Jack choked on a hastily suppressed snort of laughter as he watched her eyes move back toward the dance floor. Who was this woman? She looked vaguely familiar, but he couldn’t place her. She was not young, but not precisely old either. Though small, she was nicely rounded in all the right places, he was quick to note. She had ordinary brown hair, a too wide mouth, and a slightly crooked nose; but the eyes that had looked up at him had been enormous pools of hazel. Other than the eyes, her face was quite unremarkable. That was no doubt why he could not place her. She was not the sort of woman who normally piqued Jack’s interest.
He dragged his eyes from his unknown companion and once again raised his quizzing glass as he surveyed the ballroom. This time his gaze fell upon a lovely young redhead standing along the opposite wall, flirting with a circle of admirers. She brought her fan to her lips as she giggled at some remark, then snapped it shut and slapped it down on the wrist of her nearest gallant, batting her eyelashes coquettishly. Her hair was absolutely glorious, with one long fiery curl hanging over a creamy white shoulder. By God, no one was going to tell him anything was wrong with this young beauty. Nevertheless, tearing himself away from one last admiring gaze, he reluctantly turned his glass upon the woman at his side and raised his brows in question.
She hunched a shoulder and raised her fan to partially cover her face. Jack’s greater height gave him a clear view behind the fan, and he watched as her mouth twisted in distaste. She leaned toward him in a conspiratorial manner without taking her eyes off the girl.
“Too silly,” she whispered.
Jack grinned down at this impertinent unknown who nevertheless intrigued him. What was her game? Well, whatever it was, he was just bored enough to play along and find out.
This time he raised his glass to study Lady Amanda Palmer. Egerton’s eldest daughter, as she was partnered by Lord Ainsley. She was a glowing beauty with glossy dark brown curls and amber-colored eyes. Her face was lit with a spectacular smile and her cheeks were slightly flushed from the dance. Jack’s glass followed the line of her graceful neck down over the softly rounded shoulders to the full swell of bosom revealed by her rather daring neckline. He knew this to be at least her third Season, and her manners were open though modest. Surely there could be no objection to this young lady, he thought as he looked down at his tiny confederate.
She sighed and looked up with a resigned shake of her head. “Of course, it is entirely up to you, my lord,” she said in a husky whisper, “but Lady Amanda has an unfortunate tendency toward plumpness. Only look at her mother.” She cocked her head in the direction of the corner of the room reserved for dowagers and chaperones.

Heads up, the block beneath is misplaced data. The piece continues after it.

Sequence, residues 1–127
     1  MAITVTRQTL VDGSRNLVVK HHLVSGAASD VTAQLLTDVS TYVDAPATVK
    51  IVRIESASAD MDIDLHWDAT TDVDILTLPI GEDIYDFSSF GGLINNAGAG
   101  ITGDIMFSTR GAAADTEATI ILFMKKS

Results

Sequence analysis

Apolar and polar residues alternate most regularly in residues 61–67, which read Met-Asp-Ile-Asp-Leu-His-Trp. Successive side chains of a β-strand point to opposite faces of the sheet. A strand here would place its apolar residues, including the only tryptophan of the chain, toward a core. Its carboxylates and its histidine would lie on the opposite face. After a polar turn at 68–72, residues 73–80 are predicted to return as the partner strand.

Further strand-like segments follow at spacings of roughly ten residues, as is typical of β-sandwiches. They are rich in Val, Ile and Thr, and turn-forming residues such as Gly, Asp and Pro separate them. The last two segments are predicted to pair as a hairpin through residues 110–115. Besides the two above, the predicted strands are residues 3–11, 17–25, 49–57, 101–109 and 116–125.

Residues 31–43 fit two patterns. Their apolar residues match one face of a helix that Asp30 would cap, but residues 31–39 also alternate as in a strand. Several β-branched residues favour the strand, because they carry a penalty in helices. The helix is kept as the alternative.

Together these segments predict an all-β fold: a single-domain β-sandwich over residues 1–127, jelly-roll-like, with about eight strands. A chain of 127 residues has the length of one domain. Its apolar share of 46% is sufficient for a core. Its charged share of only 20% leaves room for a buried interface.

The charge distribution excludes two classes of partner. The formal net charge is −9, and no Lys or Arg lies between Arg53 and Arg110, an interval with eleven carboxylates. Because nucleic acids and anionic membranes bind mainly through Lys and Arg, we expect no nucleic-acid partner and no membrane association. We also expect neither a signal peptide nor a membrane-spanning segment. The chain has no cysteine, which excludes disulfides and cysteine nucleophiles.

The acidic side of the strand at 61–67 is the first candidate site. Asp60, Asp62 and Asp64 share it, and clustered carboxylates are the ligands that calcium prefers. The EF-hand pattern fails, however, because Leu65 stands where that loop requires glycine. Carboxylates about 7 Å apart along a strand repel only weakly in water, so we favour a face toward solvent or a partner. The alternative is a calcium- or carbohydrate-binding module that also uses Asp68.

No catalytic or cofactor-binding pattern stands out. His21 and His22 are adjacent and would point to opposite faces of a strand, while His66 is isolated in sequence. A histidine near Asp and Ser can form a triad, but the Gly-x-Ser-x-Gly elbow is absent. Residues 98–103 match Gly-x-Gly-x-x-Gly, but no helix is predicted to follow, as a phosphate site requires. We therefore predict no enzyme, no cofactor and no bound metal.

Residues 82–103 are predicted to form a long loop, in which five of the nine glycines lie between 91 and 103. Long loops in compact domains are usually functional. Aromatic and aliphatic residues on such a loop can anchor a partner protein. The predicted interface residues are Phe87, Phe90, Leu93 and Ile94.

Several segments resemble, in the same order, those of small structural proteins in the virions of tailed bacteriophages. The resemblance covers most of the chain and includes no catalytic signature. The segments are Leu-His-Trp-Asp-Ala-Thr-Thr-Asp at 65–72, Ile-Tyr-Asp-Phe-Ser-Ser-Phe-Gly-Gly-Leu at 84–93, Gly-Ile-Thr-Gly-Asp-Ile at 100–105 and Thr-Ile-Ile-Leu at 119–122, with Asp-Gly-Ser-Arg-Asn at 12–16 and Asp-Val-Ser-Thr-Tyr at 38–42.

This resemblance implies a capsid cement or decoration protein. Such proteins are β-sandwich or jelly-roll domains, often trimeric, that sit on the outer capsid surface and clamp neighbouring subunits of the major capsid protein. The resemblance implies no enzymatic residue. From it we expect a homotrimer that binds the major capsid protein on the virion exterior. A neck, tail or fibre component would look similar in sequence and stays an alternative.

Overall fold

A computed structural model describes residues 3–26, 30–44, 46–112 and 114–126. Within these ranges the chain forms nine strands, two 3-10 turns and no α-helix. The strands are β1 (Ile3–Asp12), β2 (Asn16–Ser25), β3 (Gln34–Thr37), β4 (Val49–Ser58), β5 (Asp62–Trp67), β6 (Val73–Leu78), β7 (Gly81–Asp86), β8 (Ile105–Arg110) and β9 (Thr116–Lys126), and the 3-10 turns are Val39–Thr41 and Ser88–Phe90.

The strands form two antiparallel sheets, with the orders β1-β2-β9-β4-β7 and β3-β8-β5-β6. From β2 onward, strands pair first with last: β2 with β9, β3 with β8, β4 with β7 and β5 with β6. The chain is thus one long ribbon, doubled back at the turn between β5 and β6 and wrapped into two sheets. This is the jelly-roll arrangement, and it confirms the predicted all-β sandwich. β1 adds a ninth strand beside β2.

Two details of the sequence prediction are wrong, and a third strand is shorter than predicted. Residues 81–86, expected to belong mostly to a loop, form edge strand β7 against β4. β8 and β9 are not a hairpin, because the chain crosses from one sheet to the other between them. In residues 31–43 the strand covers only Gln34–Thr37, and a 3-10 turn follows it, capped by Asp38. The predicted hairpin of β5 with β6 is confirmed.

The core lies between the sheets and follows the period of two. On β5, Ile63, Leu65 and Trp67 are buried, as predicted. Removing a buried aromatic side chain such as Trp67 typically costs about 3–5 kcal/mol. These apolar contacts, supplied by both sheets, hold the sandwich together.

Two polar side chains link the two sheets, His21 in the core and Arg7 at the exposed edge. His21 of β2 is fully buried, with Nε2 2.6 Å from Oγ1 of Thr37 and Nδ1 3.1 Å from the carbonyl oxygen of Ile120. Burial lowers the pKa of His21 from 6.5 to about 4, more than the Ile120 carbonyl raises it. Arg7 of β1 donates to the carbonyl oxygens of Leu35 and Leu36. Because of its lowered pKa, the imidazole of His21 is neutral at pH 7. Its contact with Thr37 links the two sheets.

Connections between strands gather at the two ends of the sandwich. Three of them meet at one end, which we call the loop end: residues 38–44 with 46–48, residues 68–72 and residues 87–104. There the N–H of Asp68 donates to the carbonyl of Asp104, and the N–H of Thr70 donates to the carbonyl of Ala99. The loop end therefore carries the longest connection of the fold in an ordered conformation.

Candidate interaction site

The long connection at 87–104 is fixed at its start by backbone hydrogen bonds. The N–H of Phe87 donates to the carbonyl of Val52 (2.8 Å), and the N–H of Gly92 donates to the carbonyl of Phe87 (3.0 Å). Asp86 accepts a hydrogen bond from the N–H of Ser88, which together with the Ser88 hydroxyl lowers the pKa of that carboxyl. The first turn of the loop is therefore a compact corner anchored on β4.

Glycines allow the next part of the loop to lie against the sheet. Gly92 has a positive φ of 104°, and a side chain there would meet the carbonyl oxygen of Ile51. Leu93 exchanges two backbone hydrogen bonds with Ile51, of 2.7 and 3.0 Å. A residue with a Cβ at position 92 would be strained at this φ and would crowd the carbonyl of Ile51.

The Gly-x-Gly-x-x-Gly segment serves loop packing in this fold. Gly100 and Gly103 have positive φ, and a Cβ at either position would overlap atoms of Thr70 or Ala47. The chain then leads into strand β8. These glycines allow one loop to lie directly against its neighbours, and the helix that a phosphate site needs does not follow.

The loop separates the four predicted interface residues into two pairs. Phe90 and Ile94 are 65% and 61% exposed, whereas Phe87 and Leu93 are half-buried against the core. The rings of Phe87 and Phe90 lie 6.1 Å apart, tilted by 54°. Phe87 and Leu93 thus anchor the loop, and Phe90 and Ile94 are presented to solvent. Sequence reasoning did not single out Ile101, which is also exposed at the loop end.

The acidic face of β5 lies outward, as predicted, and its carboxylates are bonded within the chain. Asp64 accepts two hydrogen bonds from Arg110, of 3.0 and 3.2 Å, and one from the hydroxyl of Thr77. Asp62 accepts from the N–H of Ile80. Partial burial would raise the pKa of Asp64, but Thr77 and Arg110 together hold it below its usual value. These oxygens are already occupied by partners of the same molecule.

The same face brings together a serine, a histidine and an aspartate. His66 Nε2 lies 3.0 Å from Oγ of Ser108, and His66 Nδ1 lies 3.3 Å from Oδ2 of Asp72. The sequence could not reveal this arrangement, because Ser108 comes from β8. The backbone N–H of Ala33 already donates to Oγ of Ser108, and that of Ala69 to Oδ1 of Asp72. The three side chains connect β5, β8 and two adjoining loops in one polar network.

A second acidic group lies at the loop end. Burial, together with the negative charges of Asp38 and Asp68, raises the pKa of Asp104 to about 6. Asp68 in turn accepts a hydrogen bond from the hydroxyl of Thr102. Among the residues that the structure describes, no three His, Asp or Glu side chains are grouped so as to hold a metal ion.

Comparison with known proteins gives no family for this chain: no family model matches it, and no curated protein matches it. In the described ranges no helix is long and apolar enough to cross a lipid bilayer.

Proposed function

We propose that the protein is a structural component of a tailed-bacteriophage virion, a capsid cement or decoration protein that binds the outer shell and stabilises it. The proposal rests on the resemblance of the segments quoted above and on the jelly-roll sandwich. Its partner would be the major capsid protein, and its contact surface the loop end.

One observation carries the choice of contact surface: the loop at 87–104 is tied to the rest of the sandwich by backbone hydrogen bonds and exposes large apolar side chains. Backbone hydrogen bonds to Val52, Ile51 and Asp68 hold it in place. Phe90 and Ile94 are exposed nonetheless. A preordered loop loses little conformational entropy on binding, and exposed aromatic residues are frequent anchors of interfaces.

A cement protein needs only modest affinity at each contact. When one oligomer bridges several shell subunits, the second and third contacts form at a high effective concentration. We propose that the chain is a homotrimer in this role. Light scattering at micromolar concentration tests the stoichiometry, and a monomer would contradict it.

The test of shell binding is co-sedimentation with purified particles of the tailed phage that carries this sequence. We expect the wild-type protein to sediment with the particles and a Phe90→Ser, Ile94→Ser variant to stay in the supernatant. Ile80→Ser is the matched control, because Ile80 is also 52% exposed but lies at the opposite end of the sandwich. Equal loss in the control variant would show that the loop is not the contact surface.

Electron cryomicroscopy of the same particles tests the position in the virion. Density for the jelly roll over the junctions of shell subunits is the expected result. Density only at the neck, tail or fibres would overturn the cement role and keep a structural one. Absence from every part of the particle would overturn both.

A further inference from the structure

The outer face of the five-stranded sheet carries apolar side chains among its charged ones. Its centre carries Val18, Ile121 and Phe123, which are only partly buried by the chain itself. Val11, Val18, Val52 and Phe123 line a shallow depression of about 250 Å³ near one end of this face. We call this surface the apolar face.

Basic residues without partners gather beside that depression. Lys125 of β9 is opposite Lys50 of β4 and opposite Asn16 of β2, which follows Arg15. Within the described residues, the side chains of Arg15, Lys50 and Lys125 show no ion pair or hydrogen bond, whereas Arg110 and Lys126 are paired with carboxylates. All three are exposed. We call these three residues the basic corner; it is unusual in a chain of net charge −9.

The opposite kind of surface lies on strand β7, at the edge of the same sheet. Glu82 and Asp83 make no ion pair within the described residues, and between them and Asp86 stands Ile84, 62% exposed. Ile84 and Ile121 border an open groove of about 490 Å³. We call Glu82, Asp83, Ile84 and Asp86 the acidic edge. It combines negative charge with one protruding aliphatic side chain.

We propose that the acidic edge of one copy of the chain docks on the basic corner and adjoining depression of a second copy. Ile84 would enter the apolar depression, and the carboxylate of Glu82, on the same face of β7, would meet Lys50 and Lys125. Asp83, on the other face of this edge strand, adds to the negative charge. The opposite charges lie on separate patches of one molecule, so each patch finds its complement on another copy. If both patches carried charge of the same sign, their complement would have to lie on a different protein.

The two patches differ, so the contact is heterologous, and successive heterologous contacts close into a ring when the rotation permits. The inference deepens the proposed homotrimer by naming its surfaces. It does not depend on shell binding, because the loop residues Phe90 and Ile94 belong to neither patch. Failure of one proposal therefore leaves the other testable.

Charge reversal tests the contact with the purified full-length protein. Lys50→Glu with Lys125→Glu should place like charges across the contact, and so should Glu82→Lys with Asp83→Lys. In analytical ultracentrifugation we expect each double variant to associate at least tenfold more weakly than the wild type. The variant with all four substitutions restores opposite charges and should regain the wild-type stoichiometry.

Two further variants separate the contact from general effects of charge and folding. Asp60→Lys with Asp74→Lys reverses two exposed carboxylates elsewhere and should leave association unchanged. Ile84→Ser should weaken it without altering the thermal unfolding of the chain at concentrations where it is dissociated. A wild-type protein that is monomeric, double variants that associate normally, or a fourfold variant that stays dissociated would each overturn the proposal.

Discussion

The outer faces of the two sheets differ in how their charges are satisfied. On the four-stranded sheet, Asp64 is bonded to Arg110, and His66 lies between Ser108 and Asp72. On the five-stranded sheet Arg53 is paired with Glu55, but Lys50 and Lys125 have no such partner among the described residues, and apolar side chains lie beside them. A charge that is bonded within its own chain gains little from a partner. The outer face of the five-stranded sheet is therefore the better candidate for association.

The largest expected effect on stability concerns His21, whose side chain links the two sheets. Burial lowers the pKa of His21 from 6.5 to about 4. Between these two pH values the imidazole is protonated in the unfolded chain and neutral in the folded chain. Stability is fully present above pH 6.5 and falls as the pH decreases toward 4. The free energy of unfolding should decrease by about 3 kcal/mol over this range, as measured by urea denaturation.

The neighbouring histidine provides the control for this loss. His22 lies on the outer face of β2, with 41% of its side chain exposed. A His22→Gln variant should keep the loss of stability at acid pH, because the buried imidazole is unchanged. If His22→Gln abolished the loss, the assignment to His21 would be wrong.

Jack’s glass followed her gaze toward the sea of plumed turbans in the corner. It was hard to miss Lady Egerton whose bulk took up almost an entire settee. One of the spindly legged chairs used by the other matrons would have surely collapsed under the woman’s tremendous girth. Jack bit back a smile.
He dropped his quizzing glass which, attached to its black ribbon, fell against his white brocade waistcoat. He heaved a dramatic sigh.
“Well, madam,” he said in a bored tone, “I seem to be foiled at every turn. Perhaps you have a candidate of your own to recommend?” Most likely the woman had a daughter or niece or some other charge under her wing, with hopes of securing an advantageous match. Well, thought Jack, so long as the chit came with a plump dowry, he was willing to entertain any and all suggestions.
“Not at the moment,” the woman replied, smiling brightly up at him. “But I would be happy to help you in your search, Lord Pemerton.”
Jack pulled away from the pillar, straightened up, and peered down at the woman, furrowing his brow in puzzlement. Still, he could not place her, though she obviously knew him. Of course, there was nothing particularly distinctive about her that would have kept her in his memory; although he might have remembered that intriguingly husky voice, surprising in such a small woman.
“I beg your pardon, madam,” he said, “but you seem to have the advantage of me. You apparently know who I am, and yet I don’t —”
“Oh, but we have met, my lord,” she interrupted.
“Indeed? I must apologize, then, for I am afraid I don’t recall —”
“No need to apologize, my lord,” she interrupted again, this time with a wave of dismissal. “I do not expect you would remember since you were thoroughly foxed at the time.”
“Oh, good Lord,” Jack mumbled as he raked a hand through his hair and dropped his gaze to the ground. What transgression had he committed in this lady’s presence? Before he could ponder the countless possibilities, his attention was firmly snatched back to the present by the sound of a rich, throaty chuckle. He looked over to find the lady’s head thrown back as she abandoned herself to laughter. The sound was so delightful, almost like a rusty gate, that he could not help but smile.
“Lady Mary Haviland,” she said.